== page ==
Houdini went down into the cabinet again. Twenty minutes passed slowly for the murmuring crowd before he stood to his feet with a broad smile. Loud applause quickly stopped as the audience saw Houdini was not yet free. Because the bright lights made the heat so intense, he leaped from the cabinet and twisted his manacled hands in front of him until he could reach a pocketknife in his vest. Opening the knife with his teeth, Houdini held its handle in his mouth and bent forward until the tail of his coat fell over his head. He grasped the coat, pulled it over his head, then slashed it to ribbons with the knife between his teeth. Throwing aside the strips of his heavy coat, he jumped back into the box as the audience roared its approval and cheered him on.

Down went Houdini, but this time for only ten minutes. With a dramatic flourish, he jumped from the box, showing the crowd that his wrists were free, and waving the bulky handcuffs over his head in triumph. Once again Houdini had achieved what seemed impossible. 

Afterward, Houdini agreed to an interview. Everyone wanted to know why he had to interrupt the process of his escape as often as he did. With a twinkle in his eyes, the magician admitted that he didn't have to interrupt the process. The interviewer asked why he kept standing up before he was loose. Houdini confessed it was because he wanted the audience's applause to keep up his enthusiasm!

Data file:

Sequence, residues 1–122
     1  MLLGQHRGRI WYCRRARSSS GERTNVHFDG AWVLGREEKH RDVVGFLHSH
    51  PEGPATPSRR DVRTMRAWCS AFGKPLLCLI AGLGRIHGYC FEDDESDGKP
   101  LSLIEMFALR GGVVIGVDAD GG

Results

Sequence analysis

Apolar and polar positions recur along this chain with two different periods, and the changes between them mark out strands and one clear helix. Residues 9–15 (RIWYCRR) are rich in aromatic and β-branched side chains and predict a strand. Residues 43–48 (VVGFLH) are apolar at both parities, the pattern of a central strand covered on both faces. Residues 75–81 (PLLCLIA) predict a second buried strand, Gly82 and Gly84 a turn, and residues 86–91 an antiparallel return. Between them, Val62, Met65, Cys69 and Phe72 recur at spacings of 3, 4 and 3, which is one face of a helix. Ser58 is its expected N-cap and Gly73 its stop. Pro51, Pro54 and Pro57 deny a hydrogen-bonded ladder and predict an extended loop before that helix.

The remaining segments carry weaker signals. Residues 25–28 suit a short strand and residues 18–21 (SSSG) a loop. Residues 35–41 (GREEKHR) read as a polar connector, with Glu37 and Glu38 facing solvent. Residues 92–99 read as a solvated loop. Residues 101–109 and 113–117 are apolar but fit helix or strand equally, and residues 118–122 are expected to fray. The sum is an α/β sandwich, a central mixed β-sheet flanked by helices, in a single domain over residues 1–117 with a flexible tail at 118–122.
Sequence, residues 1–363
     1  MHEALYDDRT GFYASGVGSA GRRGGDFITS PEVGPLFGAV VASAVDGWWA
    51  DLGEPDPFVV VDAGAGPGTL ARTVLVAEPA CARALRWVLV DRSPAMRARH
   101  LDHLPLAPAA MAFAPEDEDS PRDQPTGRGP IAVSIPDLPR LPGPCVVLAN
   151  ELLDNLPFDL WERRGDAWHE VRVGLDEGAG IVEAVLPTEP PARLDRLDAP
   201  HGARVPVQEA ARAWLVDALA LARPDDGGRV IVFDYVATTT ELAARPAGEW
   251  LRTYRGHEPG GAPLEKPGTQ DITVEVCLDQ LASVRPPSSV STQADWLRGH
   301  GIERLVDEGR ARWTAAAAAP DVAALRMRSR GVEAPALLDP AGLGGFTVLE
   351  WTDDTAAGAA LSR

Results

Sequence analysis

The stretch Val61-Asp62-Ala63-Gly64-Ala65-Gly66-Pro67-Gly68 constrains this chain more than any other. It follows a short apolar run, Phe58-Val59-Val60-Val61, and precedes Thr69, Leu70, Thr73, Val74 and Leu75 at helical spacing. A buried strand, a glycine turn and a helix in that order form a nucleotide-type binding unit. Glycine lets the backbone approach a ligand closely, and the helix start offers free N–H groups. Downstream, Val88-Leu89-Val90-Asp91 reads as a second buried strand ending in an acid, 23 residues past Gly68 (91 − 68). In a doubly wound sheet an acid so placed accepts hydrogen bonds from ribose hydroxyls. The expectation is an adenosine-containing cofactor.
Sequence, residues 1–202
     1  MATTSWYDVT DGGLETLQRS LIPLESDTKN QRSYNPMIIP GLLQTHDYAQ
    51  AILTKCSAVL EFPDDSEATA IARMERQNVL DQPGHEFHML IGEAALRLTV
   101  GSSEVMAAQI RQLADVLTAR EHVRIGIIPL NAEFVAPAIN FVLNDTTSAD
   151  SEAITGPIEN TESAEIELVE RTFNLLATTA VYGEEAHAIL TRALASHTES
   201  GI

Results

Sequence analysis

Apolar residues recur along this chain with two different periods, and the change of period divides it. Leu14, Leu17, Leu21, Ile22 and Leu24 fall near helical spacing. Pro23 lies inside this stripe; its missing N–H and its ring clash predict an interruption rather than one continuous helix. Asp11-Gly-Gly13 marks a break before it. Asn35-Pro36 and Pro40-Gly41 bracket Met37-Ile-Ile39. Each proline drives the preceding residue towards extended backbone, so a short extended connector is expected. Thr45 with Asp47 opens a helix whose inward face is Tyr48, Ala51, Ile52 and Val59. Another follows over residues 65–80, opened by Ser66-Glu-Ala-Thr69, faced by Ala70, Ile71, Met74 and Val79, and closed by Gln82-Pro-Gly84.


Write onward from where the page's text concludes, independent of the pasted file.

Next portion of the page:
Enthusiasm is powerful. Athletes feed on it. Salespeople are motivated by it. Teachers count on it, and students fail without it. Enthusiasm is essential to athletes and performers and is also necessary for ordinary people like you and me. Ralph Waldo Emerson wrote, "nothing great was ever achieved without enthusiasm."

Few characteristics are more contagious and more magnetic. An enthusiastic person believes in his ability to transform things and make them work. It is not success that brings enthusiasm. It is enthusiasm that brings success. A genuinely enthusiastic person can be more productive and dedicated to whatever he does. 

I think enthusiasm is one of the most remarkable words in the English language! It is derived from two Greek words, en and theos. Theos is the Greek word for God, so "enthusiasm" literally means "full of God." Maybe that's why enthusiastic people are so often creative and joyful! I'm convinced that one of the reasons God gives us so many personal promises in the Bible is to stir up our enthusiasm.

God wants enthusiastic followers. "He gave himself for us to set us free from every sin and to cleanse us so that we can be his special people who are enthusiastic about doing good things." Titus 2:14 (GW) But often, we find ourselves in an environment where our enthusiasm gets siphoned off. For example, if you are constantly in the company of negative people, your outlook will become negative, and your reactions to people and events will be negative.